|Region Asia & Australia (AFC)|
Most successful team(s) Japan (4 titles)
|Current champions Australia
|Founded 1956; 61 years ago (1956)|
Number of teams 24 (finals) 47 (eligible to enter qualification)
The AFC Asian Cup is an international association football tournament run by the Asian Football Confederation (AFC). It is the second oldest continental football championship in the world after Copa América. The winning team becomes the champion of Asia and automatically qualifies for the FIFA Confederations Cup.
The Asian Cup was held once every four years from the 1956 edition in Hong Kong until the 2004 tournament in Mainland China. However, since the Summer Olympic Games and the European Football Championship were also scheduled in the same year as the Asian Cup, the AFC decided to move their championship to a less crowded cycle. After 2004, the tournament was next held in 2007 when it was co-hosted by four nations: Indonesia, Malaysia, Thailand and Vietnam. Thereafter, it has been held every four years.
The Asian Cup has generally been dominated by a small number of top teams. Initially successful teams included South Korea and Iran. Since 1984, Japan and Saudi Arabia have been the most successful teams, together winning 7 of the last 9 finals. The other teams which have achieved success are Iraq (2007) and Kuwait (1980), and Israel have also won the tournament although they have since joined UEFA.
Australia joined the Asian confederation in 2007 and hosted the Asian Cup finals in 2015. The 2019 tournament will be expanded from 16 teams to 24 teams, with the qualifying process doubling as part of the qualification for the 2018 FIFA World Cup. The tournament will be hosted by the United Arab Emirates. Unlike other confederation tournaments, the Asian Cup has often been rescheduled to another time of year to better suit the climate of the host nation, for example in 2007 it was played in July but the following two tournaments were played in January.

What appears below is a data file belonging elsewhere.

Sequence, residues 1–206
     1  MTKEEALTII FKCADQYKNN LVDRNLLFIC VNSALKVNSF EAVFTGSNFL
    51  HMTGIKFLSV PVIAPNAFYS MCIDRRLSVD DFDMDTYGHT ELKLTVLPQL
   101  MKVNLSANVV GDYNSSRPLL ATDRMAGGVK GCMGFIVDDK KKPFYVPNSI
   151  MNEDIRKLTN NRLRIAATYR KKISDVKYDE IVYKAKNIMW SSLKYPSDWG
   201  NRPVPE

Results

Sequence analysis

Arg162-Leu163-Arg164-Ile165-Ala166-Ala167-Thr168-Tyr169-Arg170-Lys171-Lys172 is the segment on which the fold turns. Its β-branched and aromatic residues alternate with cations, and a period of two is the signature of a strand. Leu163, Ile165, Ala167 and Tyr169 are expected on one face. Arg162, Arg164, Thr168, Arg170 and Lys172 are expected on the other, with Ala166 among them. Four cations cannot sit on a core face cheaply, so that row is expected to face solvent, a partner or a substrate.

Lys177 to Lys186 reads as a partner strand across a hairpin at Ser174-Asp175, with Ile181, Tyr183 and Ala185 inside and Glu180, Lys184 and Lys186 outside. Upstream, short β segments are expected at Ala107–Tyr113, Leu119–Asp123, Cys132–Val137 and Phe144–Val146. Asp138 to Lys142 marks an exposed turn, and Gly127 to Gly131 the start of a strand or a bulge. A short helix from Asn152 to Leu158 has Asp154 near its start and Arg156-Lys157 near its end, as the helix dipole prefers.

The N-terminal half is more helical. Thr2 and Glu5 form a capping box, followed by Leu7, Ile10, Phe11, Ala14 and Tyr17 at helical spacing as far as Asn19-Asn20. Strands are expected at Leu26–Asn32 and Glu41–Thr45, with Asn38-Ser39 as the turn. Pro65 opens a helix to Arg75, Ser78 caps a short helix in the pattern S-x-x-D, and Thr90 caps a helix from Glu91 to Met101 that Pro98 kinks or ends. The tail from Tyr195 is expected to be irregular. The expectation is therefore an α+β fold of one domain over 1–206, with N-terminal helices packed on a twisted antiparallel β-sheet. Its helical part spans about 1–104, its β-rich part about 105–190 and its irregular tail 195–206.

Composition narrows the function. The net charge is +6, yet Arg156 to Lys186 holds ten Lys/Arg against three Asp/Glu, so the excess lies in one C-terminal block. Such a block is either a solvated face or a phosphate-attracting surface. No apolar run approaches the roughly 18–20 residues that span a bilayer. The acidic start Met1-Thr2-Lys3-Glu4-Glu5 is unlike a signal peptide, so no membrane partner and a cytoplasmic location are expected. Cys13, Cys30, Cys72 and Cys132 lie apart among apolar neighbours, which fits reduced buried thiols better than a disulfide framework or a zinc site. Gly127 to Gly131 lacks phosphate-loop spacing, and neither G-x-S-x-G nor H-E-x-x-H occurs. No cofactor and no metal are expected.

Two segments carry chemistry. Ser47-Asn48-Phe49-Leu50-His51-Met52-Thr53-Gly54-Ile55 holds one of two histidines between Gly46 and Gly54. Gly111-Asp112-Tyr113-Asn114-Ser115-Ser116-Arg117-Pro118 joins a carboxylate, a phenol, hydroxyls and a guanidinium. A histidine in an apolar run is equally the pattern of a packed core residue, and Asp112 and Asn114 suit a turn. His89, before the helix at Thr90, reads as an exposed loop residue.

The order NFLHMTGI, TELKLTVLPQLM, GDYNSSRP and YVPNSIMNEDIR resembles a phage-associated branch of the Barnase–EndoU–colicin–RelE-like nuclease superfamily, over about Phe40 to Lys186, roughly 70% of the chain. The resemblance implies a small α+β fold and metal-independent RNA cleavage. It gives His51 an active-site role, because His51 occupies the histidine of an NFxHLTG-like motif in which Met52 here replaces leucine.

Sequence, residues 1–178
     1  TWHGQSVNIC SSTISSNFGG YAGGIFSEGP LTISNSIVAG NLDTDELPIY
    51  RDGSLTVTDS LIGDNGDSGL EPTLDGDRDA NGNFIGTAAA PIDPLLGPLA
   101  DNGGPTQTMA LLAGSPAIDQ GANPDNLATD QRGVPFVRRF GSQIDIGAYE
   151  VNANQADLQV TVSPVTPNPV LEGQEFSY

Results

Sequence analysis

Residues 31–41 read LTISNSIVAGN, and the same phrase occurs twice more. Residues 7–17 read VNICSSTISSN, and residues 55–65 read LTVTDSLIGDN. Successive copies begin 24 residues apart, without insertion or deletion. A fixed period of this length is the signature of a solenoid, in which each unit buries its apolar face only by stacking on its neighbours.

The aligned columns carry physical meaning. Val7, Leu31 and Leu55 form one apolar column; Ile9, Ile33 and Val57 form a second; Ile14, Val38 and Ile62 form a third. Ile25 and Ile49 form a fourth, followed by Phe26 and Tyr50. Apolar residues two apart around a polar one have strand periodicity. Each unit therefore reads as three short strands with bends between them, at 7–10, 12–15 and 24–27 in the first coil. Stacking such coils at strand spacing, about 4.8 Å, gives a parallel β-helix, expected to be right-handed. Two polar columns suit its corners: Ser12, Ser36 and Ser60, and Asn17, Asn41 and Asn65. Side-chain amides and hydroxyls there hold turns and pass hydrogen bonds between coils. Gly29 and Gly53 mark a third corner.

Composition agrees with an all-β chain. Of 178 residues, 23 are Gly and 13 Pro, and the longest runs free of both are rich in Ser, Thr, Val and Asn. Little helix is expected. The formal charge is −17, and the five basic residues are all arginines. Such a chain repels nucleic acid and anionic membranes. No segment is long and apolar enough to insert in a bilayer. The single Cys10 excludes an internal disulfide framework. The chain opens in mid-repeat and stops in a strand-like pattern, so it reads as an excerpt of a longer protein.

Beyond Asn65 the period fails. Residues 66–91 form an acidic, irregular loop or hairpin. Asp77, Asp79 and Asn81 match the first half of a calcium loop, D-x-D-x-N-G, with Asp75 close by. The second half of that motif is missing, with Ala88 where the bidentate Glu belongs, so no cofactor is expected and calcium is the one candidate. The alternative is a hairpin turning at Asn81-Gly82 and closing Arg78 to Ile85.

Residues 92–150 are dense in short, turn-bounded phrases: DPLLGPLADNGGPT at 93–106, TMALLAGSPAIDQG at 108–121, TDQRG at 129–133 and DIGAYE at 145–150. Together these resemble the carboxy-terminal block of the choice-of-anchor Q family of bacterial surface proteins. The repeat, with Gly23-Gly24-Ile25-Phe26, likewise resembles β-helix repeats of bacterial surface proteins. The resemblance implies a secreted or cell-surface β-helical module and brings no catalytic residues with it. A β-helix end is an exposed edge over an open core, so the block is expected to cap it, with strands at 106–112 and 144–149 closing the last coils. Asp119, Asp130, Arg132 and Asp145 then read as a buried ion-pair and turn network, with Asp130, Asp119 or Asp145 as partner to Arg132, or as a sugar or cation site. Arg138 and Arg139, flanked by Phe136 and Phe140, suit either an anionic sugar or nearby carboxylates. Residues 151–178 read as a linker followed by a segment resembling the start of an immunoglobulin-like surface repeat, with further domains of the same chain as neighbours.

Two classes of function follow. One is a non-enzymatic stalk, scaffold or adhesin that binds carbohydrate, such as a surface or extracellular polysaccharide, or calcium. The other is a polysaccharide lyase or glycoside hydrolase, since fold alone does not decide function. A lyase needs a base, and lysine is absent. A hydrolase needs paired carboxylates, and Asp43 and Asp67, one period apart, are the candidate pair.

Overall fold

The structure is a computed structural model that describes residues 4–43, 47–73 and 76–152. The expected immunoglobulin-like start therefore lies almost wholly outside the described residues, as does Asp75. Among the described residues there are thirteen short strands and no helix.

Two years after Asian Football Confederation (AFC) came into being in 1954, the first ever AFC Asian Cup was staged in Hong Kong with seven of the 12 founding members vying for the title to become Asia's best football team. The qualifying process involved the hosts plus the winners of the various zones (central, eastern and western). It was only a four-team tournament, a format that also existed for 1960 and 1964. Each sub-confederation already hosts their own biennial championship, each with varying degrees of interest. Dominance has swung between the East and West so far. From the superiority of South Korea in the early years of the competition, the tournament became the preserve of Iran who won three consecutive tournaments in 1968, 1972 and 1976 which also hosted the first and last editions.
West Asian countries ruled in the eighties with Kuwait becoming the first country from the Arab region to win the championship in 1980, followed by Saudi Arabia's impressive and consecutive wins in 1984 and 1988.
Japan hold the record for the most victories in the tournament's history with title triumphs in 1992, 2000, 2004 and 2011.
The 2007 edition of the AFC Asian Cup also saw Australia come face-to-face for the first time with the footballing powers of Asia, with the Socceroos signing off with a quarter-final finish; Iraq produced giant-killing performances to overcome the likes of Australia, South Korea and Saudi Arabia to win their first ever Asian Cup that year in what is regarded as one of sport's greatest fairytale victories considering the war situation going on in the country at the time and the adverse conditions the Iraqi players had to deal with.
Having come to grips with Asian football, the Australians went all the way to the final in the 2011 edition later only to suffer heartbreak in the pulsating Doha final when they lost to Japan 1–0 in extra time. The 2015 AFC Asian Cup tournament was hosted by Australia. The host country and South Korea reached the final and Australia won the title after defeating South Korea 2–1 in extra time. United Arab Emirates also finished in third place after defeating 2007 champions Iraq in the third/fourth-place play-off.
The final tournament is being played in two stages: the group stage and the knockout stage. In the group stage each team plays three games in a group of four, with the winners and runners-up from each group advancing to the knockout stage. In the knockout stage the eight teams advance to compete in a single-elimination tournament, beginning with the quarter-finals and ending with the final match of the tournament. A third-place match is also played between the two losing teams of the semi-finals. However, this format is set to change from the 2019 edition onwards to include 24 teams as opposed to 16.
Teams reaching the top four
1 Israel was expelled from the AFC in the early 1970s and eventually became a member of UEFA.
Champions by region
Note: Israel, winner of the 1964 edition, is not included.